“It is probably fair to say that the majority view of science today holds that physics explains all of chemistry, chemistry explains all of biology, and biology completely explains the human mind; thus, physics alone explains the human mind. Since there are only four known forces of physics (gravitational, electromagnetic, strong, and weak nuclear forces), this means that these four forces must explain everything that has happened on earth, according to this majority view.”

Sewell then goes on to argue that this logic falls apart in the view of the entropy compensation postulate, in some way or another. His 2010 book In the Beginning, summarizes most of his arguments, and takes aim at the oft-used idiom that “anything can happen in an open system” objection to the mention that thermodynamics violates the evolution. [2]

His latest article, the 2011 “A Second Look at the Second Law”, following its supposed acceptance and drum roll by Applied Mathematics Letters, and later recant, has stirred a bit of a blog following. [3]

Interesting some of Sewell’s publications have provoked physicists and lay scientists into the role of pulpit preaching self-proclaimed thermodynamics experts (as often is the case in religion evolution debates); one example being Ukrainian-born American physicist Mark Perakh making fallacious and completely incorrect statements such as that: [4]

“While expressions like ‘entropy flows into the system,’ are common in thermodynamics, they are just metaphors. Entropy is not a substance which can literally ‘flow’ from or into a system. Entropy is a measure of disorder and the actual mechanism of its decrease in one place and accompanying increase in another place is statistical. It is realized via random motion of particles chaotically exchanging their energy and moment through collisions.”

In the correct sense, entropy is a differential unit, state variable unit heat flow that does flow into our out of systems, a simple example being radiation entropy, e.g. the passage of electromagnetic radiation into or out of a black body.

Likewise, in 2008 American computer scientist and ScienceBlogs.com writer Mark Chu-Carroll comments “no serious scientist, ever has said anything as idiotic as ‘natural selection is an exception to the second law of thermodynamics’’. [5] In the correct sense, the list of serious scientists who have comment on one version or another of this issue is long and distinguished, as is evidenced by the dozens of thinkers to have adopted the view that humans are akin to little Maxwell demons negating the second law against the tide of entropy; as is evidenced by Harold Whiting’s 1885 view that natural selection is akin to Maxwell’s demon and is thus an exception to the second law. [6] A few other noted historical examples being Herbert Spencer, William James, and John Bowlby.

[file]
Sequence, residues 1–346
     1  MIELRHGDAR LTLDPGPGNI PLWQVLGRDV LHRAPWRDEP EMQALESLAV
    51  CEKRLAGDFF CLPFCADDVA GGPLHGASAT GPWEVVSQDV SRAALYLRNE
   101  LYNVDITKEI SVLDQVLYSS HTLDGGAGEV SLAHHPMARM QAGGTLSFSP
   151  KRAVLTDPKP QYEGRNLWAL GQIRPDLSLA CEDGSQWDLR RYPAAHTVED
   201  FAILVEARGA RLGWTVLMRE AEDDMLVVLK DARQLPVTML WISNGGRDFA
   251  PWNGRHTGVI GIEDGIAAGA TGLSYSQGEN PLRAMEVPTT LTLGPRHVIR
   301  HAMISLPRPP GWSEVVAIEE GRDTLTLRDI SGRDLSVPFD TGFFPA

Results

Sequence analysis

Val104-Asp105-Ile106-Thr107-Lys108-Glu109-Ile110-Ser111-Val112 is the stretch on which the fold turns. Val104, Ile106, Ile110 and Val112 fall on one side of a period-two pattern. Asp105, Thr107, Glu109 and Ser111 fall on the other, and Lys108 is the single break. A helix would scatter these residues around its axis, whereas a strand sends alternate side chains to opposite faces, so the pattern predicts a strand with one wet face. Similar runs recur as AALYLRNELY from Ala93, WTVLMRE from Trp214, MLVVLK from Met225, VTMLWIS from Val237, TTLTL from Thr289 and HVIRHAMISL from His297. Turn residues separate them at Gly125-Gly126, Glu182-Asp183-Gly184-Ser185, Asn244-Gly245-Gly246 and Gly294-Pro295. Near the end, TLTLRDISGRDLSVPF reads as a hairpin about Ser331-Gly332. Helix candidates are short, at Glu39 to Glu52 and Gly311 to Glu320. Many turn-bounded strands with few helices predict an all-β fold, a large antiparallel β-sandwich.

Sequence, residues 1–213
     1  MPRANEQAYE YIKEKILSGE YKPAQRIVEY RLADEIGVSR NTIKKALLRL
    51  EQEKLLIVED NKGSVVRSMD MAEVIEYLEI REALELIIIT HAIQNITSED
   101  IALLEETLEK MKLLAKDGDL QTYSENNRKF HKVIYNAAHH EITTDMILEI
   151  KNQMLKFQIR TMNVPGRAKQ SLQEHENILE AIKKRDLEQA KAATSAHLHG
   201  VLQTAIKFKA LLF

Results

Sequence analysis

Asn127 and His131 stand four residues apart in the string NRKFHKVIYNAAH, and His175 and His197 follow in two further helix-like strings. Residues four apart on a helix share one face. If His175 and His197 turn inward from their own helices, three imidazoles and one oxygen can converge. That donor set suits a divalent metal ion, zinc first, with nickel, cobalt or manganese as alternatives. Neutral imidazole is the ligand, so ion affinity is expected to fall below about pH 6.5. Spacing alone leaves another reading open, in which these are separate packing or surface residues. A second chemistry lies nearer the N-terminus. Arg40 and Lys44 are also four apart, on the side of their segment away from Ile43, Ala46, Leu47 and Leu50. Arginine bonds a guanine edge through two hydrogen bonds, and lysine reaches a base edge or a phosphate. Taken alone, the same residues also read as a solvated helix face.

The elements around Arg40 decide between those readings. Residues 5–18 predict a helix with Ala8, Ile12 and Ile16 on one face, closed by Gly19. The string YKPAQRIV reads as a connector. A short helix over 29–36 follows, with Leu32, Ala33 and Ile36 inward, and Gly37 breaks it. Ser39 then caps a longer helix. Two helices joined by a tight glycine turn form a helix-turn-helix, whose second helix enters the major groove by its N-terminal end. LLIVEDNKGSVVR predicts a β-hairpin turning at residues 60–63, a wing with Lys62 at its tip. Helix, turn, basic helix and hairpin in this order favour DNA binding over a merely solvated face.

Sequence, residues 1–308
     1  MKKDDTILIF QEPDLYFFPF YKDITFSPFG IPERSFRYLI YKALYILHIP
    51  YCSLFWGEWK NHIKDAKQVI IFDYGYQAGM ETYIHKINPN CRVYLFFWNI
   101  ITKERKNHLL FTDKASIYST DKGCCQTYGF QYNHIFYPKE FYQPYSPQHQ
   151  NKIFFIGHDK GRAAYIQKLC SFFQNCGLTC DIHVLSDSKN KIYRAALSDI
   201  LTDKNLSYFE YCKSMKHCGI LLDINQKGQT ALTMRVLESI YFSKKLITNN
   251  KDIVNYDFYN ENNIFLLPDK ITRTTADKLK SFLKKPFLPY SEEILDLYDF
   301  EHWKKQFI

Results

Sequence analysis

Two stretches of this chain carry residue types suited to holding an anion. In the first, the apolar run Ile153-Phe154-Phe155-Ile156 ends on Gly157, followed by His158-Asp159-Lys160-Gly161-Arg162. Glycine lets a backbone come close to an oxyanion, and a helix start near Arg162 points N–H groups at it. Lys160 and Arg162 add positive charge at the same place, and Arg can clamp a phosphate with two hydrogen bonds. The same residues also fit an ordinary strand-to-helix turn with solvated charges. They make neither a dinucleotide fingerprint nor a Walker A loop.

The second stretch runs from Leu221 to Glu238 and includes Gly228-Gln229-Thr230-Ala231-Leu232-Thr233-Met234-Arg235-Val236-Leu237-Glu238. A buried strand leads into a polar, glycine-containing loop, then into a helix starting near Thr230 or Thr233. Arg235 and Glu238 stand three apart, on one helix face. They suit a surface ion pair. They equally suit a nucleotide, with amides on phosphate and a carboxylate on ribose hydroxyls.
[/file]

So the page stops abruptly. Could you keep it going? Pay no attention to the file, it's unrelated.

See also
Creationism scientists ranked by idiocy

References
1. (a) Behe, Michael. (1996). Darwin's Black Box. Free Press.
(b) Sewell, Granville. (2000). “A Mathematician’s View of Evolution” (Ѻ) (pdf) , Mathematical Intelligencer, 22(4): 5-7.
2. Sewell, Granville. (2010). In the Beginning and Other Essays on Intelligent Design (abs) (preface). Discovery Institute Press.
3. (a) Dembski, William. (2010). “Granville Sewell on the 2nd law”, May 22.
(b) Sewell, Granville. (2011). “A Second Look at the Second Law”, Applied Mathematical Letters (abs), June.
4. (a) Elsberry, Wesley R. (2011). “A Journal Imposes Order, Rejects High Entropy Submission”, PandasThumb.org, Feb. 28.
(b) Mark Perakh – Wikipedia.
(c) Perakh, Mark. (2008). “Sewell’s Thermodynamic Failure”, TalkReason.org, Jan 03.
5. Chu-Carroll, Mark. (2008). “Responding to Granville Sewell about his Fraudulent Experiments”, ScienceBlogs.com, Feb 24.
6. Whiting, Harlod. (1885). “Maxwell’s demons”, Nature, 6: 83.

External links
Granville Sewell – Wikipedia.
Granville, Sewell – WorldCat Identities.
Granville Sewell (faculty) – University of Texas El Paso.

External links
Natural science – Wikipedia.